Man Who Laughs (Estes and Lauriat 1869)/Chapter 23
DANGER was imminent again. After the Caskets comes Ortach. The storm is no artist; brutal and all-powerful, it never varies its appliances. The darkness is inexhaustible; its snares and perfidies never come to an end. As for man, he soon comes to the end of his resources. Man exhausts his strength, the abyss never. The shipwrecked men turned towards the chief, their hope. He could only shrug his shoulders. Dismal contempt of helplessness.
The Ortach, a single huge rock, rises in a straight line eighty feet above the angry beating of the waves. Waves and ships break against it. An immovable cube, it plunges its rectilinear planes into the numberless serpentine curves of the sea. At night it looks like an enormous block resting on the folds of a huge black sheet. In time of storm it awaits the stroke of the axe,—that is, the thunderbolt. But there is never a thunderbolt during a snow-storm. True, the ship has a bandage over her eyes; she is like one prepared for the scaffold. As for the lightning-bolt which puts one quickly out of one's misery, that is not to be hoped for.
The "Matutina," little better now than a log upon the waters, drifted towards this rock, as she had drifted towards the other. The poor wretches on board, who had for a moment believed themselves saved, relapsed into misery. The destruction they thought they had left behind them confronted them again. The reef reappeared from the bottom of the sea. Nothing had been gained.
The Caskets are a goffering iron with a thousand subdivisions; the Ortach is a solid wall. To be wrecked on the Caskets is to be cut into ribbons; to strike on the Ortach is to be crushed into powder. Nevertheless there was one chance. On a straight frontage like that of the Ortach, neither the wave nor the cannon-ball can ricochet. The operation is simple,—first the flux, then the reflux; a wave advances, a billow returns. In such cases the question of life and death is balanced thus: if the wave carries the vessel on the rock, she breaks on it and is lost; if the billow retires before the ship has touched, she is carried back,—she is saved.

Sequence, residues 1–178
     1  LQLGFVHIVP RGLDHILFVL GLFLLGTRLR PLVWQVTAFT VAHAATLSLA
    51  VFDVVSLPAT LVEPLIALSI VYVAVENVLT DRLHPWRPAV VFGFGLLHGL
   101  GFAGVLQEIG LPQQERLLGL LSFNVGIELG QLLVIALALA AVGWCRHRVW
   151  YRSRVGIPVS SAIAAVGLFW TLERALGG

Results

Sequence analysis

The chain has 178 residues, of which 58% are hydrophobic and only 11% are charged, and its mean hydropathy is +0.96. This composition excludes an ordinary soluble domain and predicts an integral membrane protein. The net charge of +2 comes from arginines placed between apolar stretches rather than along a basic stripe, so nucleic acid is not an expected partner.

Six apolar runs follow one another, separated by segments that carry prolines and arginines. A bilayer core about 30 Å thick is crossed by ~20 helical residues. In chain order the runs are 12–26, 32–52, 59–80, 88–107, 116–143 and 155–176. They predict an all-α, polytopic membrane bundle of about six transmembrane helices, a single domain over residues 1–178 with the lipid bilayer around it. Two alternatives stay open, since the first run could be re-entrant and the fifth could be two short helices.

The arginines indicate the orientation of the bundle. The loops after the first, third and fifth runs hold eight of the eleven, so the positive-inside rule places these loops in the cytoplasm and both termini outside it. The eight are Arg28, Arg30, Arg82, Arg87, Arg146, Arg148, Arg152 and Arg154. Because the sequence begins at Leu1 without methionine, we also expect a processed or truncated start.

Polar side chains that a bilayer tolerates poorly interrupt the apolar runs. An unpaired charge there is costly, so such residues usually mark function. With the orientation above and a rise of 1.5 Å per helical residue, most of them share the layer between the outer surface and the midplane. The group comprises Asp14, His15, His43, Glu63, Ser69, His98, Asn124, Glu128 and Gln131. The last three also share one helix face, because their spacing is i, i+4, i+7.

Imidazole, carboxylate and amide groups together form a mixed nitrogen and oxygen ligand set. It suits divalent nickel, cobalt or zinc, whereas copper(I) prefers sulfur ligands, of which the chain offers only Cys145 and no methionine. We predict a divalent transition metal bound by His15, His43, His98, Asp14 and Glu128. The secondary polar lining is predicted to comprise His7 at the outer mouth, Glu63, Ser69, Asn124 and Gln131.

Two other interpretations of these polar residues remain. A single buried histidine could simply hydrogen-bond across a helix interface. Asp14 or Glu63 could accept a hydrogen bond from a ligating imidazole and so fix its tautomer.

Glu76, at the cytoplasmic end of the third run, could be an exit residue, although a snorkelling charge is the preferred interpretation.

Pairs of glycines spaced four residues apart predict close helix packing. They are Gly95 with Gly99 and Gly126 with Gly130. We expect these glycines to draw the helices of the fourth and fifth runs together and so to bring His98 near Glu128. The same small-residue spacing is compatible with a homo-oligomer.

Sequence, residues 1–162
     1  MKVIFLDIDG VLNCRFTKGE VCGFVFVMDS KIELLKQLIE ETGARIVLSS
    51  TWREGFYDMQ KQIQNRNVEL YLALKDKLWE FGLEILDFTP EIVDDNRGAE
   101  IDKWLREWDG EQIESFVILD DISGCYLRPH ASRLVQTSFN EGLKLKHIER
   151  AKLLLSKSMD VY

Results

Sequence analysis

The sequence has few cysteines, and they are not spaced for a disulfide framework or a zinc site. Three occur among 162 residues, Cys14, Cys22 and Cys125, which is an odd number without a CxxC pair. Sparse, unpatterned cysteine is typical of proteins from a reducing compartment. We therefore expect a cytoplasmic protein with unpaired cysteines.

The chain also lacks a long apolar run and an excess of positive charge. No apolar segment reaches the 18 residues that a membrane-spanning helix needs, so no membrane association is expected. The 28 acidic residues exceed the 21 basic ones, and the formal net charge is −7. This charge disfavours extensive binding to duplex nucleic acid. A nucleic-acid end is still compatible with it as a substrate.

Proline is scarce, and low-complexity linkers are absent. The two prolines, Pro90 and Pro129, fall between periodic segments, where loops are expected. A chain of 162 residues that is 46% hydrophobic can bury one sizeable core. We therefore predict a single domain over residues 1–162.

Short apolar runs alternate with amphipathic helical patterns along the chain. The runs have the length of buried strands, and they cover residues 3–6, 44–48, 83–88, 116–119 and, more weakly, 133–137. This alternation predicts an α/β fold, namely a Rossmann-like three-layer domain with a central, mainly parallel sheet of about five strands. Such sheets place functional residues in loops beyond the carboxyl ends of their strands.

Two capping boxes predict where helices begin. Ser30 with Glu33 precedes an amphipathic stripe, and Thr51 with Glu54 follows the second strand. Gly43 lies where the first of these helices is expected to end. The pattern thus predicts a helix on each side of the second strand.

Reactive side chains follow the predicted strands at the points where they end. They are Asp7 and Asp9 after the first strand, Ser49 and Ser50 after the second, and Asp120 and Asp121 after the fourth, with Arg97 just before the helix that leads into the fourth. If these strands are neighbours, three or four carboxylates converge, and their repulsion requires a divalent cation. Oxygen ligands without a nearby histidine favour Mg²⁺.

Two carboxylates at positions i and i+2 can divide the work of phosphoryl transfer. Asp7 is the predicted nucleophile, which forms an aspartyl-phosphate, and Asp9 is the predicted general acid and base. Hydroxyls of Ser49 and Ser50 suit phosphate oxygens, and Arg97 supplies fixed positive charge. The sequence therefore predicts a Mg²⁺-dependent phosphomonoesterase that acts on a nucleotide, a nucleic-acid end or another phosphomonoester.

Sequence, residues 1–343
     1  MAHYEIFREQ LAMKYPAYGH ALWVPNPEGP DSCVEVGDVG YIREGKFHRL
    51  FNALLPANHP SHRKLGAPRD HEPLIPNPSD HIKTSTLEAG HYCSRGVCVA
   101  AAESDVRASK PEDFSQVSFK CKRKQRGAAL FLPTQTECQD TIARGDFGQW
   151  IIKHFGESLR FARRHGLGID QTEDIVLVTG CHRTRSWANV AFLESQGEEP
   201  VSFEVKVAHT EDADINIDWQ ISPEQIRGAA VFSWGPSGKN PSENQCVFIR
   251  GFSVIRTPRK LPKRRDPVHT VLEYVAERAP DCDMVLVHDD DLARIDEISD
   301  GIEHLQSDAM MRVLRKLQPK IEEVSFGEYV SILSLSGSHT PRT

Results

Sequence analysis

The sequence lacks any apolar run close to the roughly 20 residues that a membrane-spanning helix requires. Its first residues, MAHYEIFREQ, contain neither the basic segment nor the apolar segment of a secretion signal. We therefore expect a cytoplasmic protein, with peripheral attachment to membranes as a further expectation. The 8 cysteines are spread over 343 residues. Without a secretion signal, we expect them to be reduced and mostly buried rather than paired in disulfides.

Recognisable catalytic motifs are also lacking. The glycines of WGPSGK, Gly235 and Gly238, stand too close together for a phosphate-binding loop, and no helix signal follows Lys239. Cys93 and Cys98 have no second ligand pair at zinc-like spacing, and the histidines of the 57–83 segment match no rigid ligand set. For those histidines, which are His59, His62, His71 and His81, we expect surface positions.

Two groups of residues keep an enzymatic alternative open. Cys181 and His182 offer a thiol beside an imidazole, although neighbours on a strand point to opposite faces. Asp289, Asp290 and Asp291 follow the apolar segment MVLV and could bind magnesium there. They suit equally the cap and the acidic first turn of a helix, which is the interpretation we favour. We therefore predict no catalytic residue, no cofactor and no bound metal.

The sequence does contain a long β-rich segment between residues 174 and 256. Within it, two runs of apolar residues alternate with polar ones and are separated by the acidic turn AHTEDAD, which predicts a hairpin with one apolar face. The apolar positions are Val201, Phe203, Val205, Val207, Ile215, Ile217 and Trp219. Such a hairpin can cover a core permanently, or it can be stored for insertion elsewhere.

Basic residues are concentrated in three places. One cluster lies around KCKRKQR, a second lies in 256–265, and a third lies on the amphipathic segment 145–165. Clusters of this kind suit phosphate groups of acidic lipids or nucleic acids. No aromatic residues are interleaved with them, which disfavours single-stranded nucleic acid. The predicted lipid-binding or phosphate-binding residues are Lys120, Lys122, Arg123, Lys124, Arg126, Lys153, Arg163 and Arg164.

It was a moment of intense anxiety. Those on board saw through the gloom the great decisive wave bearing down on them. How far was it going to drag them? If the wave broke upon the ship, they would be carried on the rock and dashed to pieces. If it passed under the ship—The wave did pass under. They breathed again.
But what of the recoil? What would the surf do with them? The surf carried them back. A few minutes later the "Matutina" was out of the breakers. The Ortach faded from their view, as the Caskets had done. It was their second victory. For the second time the hooker had verged on destruction, and had drawn back in time.